April 1, 2001: Anatomical Record
N Kumar, S Kukreti, M Ishaque, R Mulholland
The anatomical parameters of the thoracic and lumbar regions of the deer spine were evaluated and compared with the existing data of the human spine. The objective was to create a database for the anatomical parameters of the deer spine, with a view to establish deer spine as a valid model for human spine biomechanical experiments in vitro. To date, the literature has supported the use of both calf and sheep spines as a suitable model for human spine experiments as the difficulty in procuring the human cadaveric spines is well appreciated...
October 1, 2000: Anatomical Record
B J Rongish, W H Kinsey
Fyn protein tyrosine kinase is present in the unfertilized and fertilized egg, becomes activated within minutes following fertilization, and has been localized to the cortical cytoplasm and spindle apparatus of the zygote. In order to establish the expression pattern of Fyn in the early embryo, we examined the distribution pattern of Fyn by immunofluorescence microscopy. Fyn protein is distributed evenly among cells of the cleavage stage zebrafish embryo and is concentrated in the cortical region of each cell...
October 1, 2000: Anatomical Record
C L Pin, A C Bonvissuto, S F Konieczny
Mist1 is a basic helix-loop-helix transcription factor that represses E-box-mediated transcription. Previous studies have suggested that the Mist1 gene is expressed in a wide range of tissues, although a complete characterization of Mist1 protein accumulation in the adult organism has not been described. In an effort to identify specific cell types that contain the Mist1 protein, antibodies specific for Mist1 were generated and used in Western blot and immunohistochemical assays. Our studies show that the Mist1 protein is present in many different tissues but that it is restricted to cell types that are exclusively secretory in nature...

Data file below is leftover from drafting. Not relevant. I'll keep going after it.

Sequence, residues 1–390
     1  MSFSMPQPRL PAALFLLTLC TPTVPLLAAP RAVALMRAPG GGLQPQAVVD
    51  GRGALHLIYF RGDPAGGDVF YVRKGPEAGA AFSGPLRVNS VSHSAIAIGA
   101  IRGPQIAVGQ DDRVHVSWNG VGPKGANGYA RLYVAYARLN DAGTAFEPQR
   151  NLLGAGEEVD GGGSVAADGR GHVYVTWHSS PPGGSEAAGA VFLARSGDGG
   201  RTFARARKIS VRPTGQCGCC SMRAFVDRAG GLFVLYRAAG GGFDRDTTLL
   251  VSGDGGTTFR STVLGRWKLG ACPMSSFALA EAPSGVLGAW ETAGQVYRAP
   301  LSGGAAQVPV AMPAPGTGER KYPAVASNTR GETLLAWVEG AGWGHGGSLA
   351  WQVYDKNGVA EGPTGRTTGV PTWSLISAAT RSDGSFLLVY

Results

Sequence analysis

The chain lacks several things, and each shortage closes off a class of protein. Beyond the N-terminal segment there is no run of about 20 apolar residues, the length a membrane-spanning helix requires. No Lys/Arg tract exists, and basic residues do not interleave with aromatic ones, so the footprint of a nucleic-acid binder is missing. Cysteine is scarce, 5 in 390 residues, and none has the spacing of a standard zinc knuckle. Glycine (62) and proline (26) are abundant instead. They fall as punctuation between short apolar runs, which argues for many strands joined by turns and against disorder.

June 1, 2000: Anatomical Record
D Sedmera, T Pexieder, M Vuillemin, R P Thompson, R H Anderson
The heart in higher vertebrates develops from a simple tube into a complex organ with four chambers specialized for efficient pumping at pressure. During this period, there is a concomitant change in the level of myocardial organization. One important event is the emergence of trabeculations in the luminal layers of the ventricles, a feature which enables the myocardium to increase its mass in the absence of any discrete coronary circulation. In subsequent development, this trabecular layer becomes solidified in its deeper part, thus increasing the compact component of the ventricular myocardium...
April 1, 2000: Anatomical Record
H Shen, J D Glass, T Seki, M Watanabe
The suprachiasmatic nuclei (SCN) of the anterior hypothalamus are recognized as the principal circadian clock in mammals. The adult SCN express a high level of polysialylated neural cell adhesion molecule (PSA-NCAM), a cell surface sialoglycoprotein capable of modulating cell-cell interactions. In the present study, the expression of PSA-NCAM in the mouse SCN was studied at the ultrastructural level by immunolabeling using monoclonal antibodies against the polysialic acid (PSA) moiety of PSA-NCAM. We showed that neuronal somal expression of PSA-NCAM was distributed heterogeneously in the SCN, with extensive staining of somas in the central region of the SCN, and minimal somal staining in the ventral portion of the nuclei...
December 1, 1999: Anatomical Record
J P Naftel, L P Richards, M Pan, J M Bernanke
The rodent dentition has become an important model for investigations of interactions between dental tissues and peripheral neurons. Although experimental nerve injury has been widely used for such studies, there is uncertainty about the courses of nerve fibers supplying the mandibular teeth. In order to clarify this, we used a mixture of monoclonal antibodies against neurofilament proteins to enhance demonstration of nerve fibers so that small nerves could be readily traced in serial frozen sections of mandibles of Sprague Dawley rats ranging in age from embryonic day (E) 18 to postnatal day (P) 90...
December 1, 1999: Anatomical Record
N Hernández, S H Torres, H J Finol, O Vera
Arterial hypertension produces changes along the vascular tree. However, there are few reports on its effect on human muscle capillaries. This study demonstrates the effects of essential hypertension on the capillaries of human quadriceps muscle. Muscle biopsy was taken from quadriceps femoris in eight men with recent diagnosis of essential hypertension, without treatment. Biopsies were also taken from eight normotensive men and were used as controls. Fiber types were classified by ATPase reaction, capillaries counted in alpha-amylase-PAS stained sections and ultrastructure studied by conventional methods of transmission electron microscopy...